A disastrous love scandal, a less than successful return to civilian life after a three-year military career as a human butcher, and a desire to travel and see what so many wrote about in dime novels resulted in his decision to go west. Doctor Wilson bought a mule and a pack frame, saddled his horse, slid two Colt Model 1862 revolvers into gun pocket holsters on his belt, and his Prussian Jaeger Dreyse needle-gun into the scabbard on the horse. His shotgun for birds, varmints and such stayed on the packhorse. He bought a second mule on the banks of the Missouri River at the urging of a buffalo hunter that he befriended.
“You could turn to drink.” Clem Harper, the buffalo hunter offered, tossing a jug of corn liquor his way. “Most doctors I know are servants of pop-skull. I fear that if you cross the prairie alone that you will be shot full of arrows and scalped.”
James declined politely. “I’d have to work at being s drunk for I do not favor the taste of strong drink.”
“It do take the pain away,” Clem advised. The doctors tell me that I have a tumor, which causes me great anguish. Oh be Joyful is the only thing that cures the pain.”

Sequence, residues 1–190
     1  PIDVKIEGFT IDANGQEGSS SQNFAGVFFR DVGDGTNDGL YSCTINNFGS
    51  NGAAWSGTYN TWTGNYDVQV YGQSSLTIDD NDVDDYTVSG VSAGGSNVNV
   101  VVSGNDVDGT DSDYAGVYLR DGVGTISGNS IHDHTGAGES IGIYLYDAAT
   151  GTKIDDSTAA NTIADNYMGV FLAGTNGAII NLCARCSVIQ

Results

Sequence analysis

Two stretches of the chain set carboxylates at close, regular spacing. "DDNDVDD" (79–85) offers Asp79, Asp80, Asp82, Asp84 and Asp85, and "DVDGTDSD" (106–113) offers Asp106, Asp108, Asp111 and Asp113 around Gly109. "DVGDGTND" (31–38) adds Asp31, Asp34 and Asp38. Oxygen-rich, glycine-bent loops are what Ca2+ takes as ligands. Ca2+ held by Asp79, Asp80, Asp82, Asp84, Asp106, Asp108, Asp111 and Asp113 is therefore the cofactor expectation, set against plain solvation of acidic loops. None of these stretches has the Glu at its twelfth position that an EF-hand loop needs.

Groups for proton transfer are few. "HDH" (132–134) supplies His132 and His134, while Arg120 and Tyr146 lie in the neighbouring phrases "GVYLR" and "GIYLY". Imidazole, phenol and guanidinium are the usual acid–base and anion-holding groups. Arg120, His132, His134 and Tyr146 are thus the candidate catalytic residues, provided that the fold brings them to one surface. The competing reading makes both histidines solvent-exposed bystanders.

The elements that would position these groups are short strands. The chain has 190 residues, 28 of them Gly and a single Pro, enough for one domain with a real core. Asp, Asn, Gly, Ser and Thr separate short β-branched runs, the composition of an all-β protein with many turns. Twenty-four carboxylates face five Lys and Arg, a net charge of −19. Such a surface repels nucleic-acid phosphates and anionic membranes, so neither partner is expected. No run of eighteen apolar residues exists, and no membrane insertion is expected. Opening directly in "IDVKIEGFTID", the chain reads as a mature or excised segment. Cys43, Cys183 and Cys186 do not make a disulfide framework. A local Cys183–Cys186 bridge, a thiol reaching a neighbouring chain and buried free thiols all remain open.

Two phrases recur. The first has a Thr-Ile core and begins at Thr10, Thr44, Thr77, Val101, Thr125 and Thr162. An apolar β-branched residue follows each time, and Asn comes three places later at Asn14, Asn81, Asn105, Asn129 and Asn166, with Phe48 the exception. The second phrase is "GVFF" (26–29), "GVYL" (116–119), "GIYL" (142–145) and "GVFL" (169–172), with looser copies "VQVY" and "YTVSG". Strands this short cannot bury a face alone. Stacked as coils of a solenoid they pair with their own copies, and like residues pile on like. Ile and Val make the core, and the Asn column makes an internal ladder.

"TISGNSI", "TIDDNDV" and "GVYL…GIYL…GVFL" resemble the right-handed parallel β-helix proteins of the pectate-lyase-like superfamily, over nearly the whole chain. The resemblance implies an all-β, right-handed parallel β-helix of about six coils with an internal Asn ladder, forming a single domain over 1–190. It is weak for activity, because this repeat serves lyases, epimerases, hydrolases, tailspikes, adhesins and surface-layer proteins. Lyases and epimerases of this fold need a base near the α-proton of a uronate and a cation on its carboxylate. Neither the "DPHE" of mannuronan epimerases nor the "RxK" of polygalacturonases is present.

“What did the doctors prescribe for you?”
“Quinine and Epsom salts.”
James dug into his bag and handed Clem one of several bottles of opium pills that he’d packed. “Take these when the liquor no longer works to dull the ache.”
The recollections of the recent past stopped when General Augur’s party stopped at a commissary wagon and the general himself invited him to dine with his staff. Sergeant Dall tipped his hat and rode off to small gathering of dismounted cavalry, some of who had already begun to eat.
“Good doctor, if you would attend me?”
“It would be my pleasure, General Augur.”
“The cook will prepare Chicken Marengo, which has been canned. It was the meal favored by Napoleon and if it was good enough for him, it is good enough for this army. It is made from chicken, crayfish poached in white wine, white pickled onions, mushrooms, garlic, spices and tomato sauce.”